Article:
NCMEC staff review each tip and work to find a potential location for the incident reported so that it may be made available to the appropriate law-enforcement agency for possible investigation. We also use the information from our CyberTipline reports to help shape our prevention and safety messages.

Is Your Image Out There?

Get Support
One of the worst things about sextortion is feeling like you’re facing everything alone. But you have people who care for you and want to help. Reach out to them!
A trusted adult can offer advice, help you report, and help you deal with other issues. It could be your mom, dad, an aunt, a school counselor, or anyone you trust and are comfortable talking to. You can also “self report” by making a report on your own to the CyberTipline.
Don’t Give Up
Having a sexual exploitative image of yourself exposed online is a scary experience. It can make you feel vulnerable and isolated, but remember, others have been in the same situation as you – and they’ve overcome it. 

Learn the steps you can take to limit the spread of the content.

Thursday, April 29, 2021

Trinity Mount Global Missing Kids - Child Trafficking: Myth vs. Fact

Trafficking, according to the United Nations, involves three main elements[ii]:
  • The act: Recruitment, transportation, transfer, harboring, or receipt of persons.
  • The means: Threat or use of force, coercion, abduction, fraud, deception, abuse of power or vulnerability, or giving payments or benefits to a person in control of the victim.
  • The purpose: For the purpose of exploitation, which includes exploiting the prostitution of others, sexual exploitation, forced labor, slavery or similar practices and the removal of organs.
There is much misinformation about what trafficking is, who is affected and what it means for a child to be trafficked. Read on to learn more about the myths vs. facts of child trafficking.
MYTH: Traffickers target victims they don’t know
FACT: A majority of the time, victims are trafficked by someone they know, such as a friend, family member or romantic partner.
MYTH: Only girls and women are victims of human trafficking
FACT: Boys and men are just as likely to be victims of human trafficking as girls and women. However, they are less likely to be identified and reported. Girls and boys are often subject to different types of trafficking, for instance, girls may be trafficked for forced marriage and sexual exploitation, while boys may be trafficked for forced labor or recruitment into armed groups.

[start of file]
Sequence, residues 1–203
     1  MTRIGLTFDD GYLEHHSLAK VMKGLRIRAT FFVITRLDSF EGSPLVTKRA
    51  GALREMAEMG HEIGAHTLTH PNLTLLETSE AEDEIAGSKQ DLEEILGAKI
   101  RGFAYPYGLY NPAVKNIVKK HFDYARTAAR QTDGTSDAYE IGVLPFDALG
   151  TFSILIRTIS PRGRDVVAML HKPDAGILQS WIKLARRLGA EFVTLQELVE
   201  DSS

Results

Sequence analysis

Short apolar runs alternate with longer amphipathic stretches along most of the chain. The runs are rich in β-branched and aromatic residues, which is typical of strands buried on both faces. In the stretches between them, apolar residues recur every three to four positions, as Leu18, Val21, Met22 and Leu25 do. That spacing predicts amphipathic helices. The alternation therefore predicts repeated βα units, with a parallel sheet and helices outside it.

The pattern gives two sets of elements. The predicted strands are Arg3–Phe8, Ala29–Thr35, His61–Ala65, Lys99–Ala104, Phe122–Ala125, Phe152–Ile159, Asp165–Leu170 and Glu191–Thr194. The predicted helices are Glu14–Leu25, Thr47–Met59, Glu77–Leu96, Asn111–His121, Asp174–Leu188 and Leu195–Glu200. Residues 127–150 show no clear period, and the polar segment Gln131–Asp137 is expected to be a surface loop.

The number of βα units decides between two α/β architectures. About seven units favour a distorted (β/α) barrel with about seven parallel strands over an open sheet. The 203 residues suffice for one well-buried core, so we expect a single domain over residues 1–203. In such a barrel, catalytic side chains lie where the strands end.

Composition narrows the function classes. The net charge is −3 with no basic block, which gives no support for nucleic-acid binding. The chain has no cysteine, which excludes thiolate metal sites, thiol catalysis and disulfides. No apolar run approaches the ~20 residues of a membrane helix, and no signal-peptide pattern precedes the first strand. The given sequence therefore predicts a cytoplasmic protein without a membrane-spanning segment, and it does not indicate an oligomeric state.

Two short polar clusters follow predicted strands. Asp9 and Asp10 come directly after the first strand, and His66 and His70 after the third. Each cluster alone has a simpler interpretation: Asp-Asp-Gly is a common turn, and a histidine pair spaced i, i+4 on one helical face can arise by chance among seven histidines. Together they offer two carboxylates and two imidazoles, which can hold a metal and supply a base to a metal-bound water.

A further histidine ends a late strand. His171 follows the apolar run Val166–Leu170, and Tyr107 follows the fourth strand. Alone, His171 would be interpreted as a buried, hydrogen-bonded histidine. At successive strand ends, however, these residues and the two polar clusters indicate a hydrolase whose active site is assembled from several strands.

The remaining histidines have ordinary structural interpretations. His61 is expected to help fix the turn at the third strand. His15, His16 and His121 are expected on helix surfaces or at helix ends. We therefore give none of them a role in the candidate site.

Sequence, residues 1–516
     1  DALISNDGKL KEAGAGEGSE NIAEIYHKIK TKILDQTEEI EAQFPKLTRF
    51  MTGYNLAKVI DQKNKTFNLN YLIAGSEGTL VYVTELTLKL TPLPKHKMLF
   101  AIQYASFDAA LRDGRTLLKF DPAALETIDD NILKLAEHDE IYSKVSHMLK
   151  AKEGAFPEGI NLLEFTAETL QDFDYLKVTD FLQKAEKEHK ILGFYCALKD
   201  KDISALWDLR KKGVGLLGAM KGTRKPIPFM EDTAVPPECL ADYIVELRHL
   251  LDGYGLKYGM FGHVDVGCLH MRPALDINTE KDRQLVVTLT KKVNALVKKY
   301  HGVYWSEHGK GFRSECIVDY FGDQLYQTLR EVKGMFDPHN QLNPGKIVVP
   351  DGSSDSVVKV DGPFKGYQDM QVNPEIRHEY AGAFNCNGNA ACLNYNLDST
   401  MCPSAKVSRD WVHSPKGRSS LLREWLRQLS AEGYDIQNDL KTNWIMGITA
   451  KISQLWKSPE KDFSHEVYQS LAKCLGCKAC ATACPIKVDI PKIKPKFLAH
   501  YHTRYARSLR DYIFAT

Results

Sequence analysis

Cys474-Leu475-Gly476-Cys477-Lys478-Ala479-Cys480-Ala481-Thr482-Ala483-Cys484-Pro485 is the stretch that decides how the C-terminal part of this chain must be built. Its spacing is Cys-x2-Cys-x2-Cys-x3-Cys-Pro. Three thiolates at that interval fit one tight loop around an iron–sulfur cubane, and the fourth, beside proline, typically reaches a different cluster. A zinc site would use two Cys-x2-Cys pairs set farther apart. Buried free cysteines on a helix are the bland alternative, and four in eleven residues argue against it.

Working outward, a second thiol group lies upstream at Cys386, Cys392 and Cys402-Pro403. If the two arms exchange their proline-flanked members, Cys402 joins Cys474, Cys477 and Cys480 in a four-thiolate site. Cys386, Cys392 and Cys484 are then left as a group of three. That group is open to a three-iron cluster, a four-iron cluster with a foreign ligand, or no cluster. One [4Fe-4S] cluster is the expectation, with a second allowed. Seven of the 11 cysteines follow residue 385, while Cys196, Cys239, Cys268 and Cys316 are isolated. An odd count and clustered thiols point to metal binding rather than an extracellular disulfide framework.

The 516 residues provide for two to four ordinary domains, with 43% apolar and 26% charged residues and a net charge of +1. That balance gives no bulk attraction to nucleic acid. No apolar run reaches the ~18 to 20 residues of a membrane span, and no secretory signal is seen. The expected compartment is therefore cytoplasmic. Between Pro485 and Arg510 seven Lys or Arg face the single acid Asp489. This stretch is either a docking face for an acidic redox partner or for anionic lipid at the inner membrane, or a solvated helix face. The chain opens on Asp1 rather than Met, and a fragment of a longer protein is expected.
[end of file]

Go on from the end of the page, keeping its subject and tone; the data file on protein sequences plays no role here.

MYTH: All human trafficking involves sex or prostitution
FACT: Human trafficking can include forced labor, domestic servitude, organ trafficking, debt bondage, recruitment of children as child soldiers, and/or sex trafficking and forced prostitution.  
MYTH: Trafficking involves traveling, transporting or moving a person across borders
FACT: Human trafficking is not the same thing as smuggling, which are two terms that are commonly confused. Trafficking does not require movement across borders. In fact, in some cases, a child could be trafficked and exploited from their own home. In the U.S., trafficking most frequently occurs at hotels, motels, truck stops and online.
MYTH: People being trafficked are physically unable to leave or held against their will
FACT: Trafficking can involve force, but people can also be trafficked through threats, coercion, or deception. People in trafficking situations  can be controlled through drug addiction, violent relationships, manipulation, lack of financial independence, or  isolation from family or friends, in addition to physical restraint or harm.
MYTH: Trafficking primarily occurs in developing countries
FACT: Trafficking occurs all over the world, though the most common forms of trafficking can differ by country.  The United States is one of the most active sex trafficking countries in the world, where exploitation of trafficking victims occurs in cities, suburban and rural areas. Labor trafficking occurs in the U.S., but at lower rates than most developing countries.
If you suspect someone is a victim of trafficking, contact the National Human Trafficking Resource Center at 1-800-373-7888. The confidential hotline is open 24 hours a day, every day, and helps identify, protect and serve victims of trafficking.
[i] Give Her a Choice: Building A Better Future For Girls (Save the Children) 

Wednesday, April 28, 2021

Please Help Us Make This World A Safer Place For Our Kids - Trinity Mount Ministries

Thank You!

Help Find Missing Children. Let's Put An End To Child Abuse And Exploitation... Care. ❤🙏